Get To Know Biopython
For science communication, we created five online tutorials on Biopython. Which can be used as a fun and practical introduction to computational biology. The idea for these tutorials came from Bram’s summer internship. There, he wished to implement python code in his internship report to, among others, calculate the expected length of a PCR fragment. It sometimes took days to create a functional script to compute all those tasks. Sometimes, the available resources on the internet are not enough or not specific enough to help in the creation of these scripts. Also, the available tutorials on YouTube are often too long, too general and not really application-driven.
Therefore, we got the idea for this series of five online tutorials on Biopython for daily life. After a brainstorming session with Ir. Louis Coussement, Bram started with creating our tutorial series: “From Sequences to Similarity”. Our tutorials distinct themselves from other YouTube tutorials on Biopython by its hands-on use, detailed code, easy explanation and short duration. You can directly adapt the code for your own use. We wish to focus on the practical implementation of certain Biopython functionalities instead of providing efficient coding.
We made six videos in total: One introductory video on installing the necessary software and on where to find the source code, followed by the five Biopython tutorials. These tutorials are in chronological order and build further on each other to complete the story in the fifth and last tutorial. First, we show how to download a sequence in FASTA format directly from the web by only using the accession number for the sequence. Secondly, we show how to calculate the expected length of a PCR fragment using the forward and reverse primer sequences. Thirdly, episode three is devoted to a BLAST (Basic Local Alignment Search Tool) search on a pre-defined nucleotide sequence. And last but not least, episodes four and five show a pairwise and multiple sequence alignment procedure and we finish with the creation of a phylogenetic tree.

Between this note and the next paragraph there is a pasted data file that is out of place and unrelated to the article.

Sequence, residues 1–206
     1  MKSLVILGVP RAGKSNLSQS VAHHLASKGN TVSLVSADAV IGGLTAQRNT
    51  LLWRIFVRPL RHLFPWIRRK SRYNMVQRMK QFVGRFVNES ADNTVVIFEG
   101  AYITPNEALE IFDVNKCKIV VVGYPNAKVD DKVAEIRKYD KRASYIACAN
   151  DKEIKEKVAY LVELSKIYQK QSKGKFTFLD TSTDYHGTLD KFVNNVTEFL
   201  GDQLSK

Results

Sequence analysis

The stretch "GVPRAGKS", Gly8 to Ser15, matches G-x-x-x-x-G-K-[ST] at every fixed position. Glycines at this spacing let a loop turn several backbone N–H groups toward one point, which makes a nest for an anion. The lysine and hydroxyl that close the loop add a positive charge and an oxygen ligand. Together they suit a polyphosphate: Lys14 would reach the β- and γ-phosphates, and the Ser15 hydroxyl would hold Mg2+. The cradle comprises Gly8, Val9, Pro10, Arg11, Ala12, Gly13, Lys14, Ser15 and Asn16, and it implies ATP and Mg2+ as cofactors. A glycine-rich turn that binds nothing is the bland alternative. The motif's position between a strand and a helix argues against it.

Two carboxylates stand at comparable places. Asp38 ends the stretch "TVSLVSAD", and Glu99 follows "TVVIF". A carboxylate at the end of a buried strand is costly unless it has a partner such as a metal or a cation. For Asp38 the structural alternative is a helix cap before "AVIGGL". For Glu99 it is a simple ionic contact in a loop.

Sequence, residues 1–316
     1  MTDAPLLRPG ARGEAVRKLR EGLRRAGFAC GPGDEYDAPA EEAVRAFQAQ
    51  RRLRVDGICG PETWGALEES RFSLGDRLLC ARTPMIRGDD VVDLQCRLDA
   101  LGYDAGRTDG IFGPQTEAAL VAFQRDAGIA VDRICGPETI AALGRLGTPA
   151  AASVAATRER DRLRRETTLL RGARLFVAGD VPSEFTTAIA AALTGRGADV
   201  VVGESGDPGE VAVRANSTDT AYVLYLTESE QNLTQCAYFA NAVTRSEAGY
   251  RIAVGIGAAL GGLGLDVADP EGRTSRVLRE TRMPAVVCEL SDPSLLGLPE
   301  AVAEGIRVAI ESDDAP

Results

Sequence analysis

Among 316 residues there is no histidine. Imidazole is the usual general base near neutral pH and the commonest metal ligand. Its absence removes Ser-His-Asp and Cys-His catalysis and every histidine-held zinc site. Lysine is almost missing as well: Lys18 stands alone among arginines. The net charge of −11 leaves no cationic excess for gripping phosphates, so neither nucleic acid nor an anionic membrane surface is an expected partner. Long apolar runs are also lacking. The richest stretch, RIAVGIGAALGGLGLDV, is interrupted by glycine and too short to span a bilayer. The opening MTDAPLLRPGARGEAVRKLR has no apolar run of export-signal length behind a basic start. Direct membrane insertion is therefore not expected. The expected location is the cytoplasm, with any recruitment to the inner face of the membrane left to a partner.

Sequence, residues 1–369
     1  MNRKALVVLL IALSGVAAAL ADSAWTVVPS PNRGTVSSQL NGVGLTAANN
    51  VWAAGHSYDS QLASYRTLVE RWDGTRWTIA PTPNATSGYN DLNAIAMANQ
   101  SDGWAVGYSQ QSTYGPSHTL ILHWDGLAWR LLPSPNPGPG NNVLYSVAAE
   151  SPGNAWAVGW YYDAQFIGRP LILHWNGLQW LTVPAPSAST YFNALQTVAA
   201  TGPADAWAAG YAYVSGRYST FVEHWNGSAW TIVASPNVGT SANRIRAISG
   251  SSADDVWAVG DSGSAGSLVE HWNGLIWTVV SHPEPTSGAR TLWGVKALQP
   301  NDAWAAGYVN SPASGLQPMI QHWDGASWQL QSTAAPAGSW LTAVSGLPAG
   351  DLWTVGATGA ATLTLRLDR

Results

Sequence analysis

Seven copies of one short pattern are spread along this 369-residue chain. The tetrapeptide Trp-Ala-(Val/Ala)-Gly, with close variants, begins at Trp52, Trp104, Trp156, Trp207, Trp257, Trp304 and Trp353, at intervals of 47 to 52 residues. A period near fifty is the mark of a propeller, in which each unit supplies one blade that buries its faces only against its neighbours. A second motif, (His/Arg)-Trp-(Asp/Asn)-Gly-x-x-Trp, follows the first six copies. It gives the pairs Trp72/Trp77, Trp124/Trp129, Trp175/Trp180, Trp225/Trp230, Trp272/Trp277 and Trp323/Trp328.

And, of course, we kept the most impressive part of the series as last! In the fifth and final episode, we create a phylogenetic tree from a file with only country names and accession numbers. To make it really as practical and contemporary as possible, we almost only used nucleotide sequences of different SARS-Cov2 isolates!
To wrap up: We believe that our Youtube tutorial series “From Sequences to Similarity” is a very useful and easy way to introduce students, scientists and other interested people to (Bio)python and its usage in molecular biology. We focus on the use of the code in real-world examples rather than getting to know python better. It was also very interesting and fun to build these videos! Bram had an excellent chance to improve his python coding and video creation skills. Taken all these interesting facts together, our series of Biopython tutorials are very suitable for a golden medal for science communication!
You can watch them at the bottom of this page, on our youtube channel or you can click Bubbly to navigate you there!
We Did More Than Tutorials!
Besides the tutorials, we also brought our project outside our team. We communicated our project to academic and professional experts and researchers from our university. Besides that, we wished to disseminate our project to other interested people. We also used several social media channels. Finally, we also communicated our project with flyers, a press release, and a very informative crowdfunding page.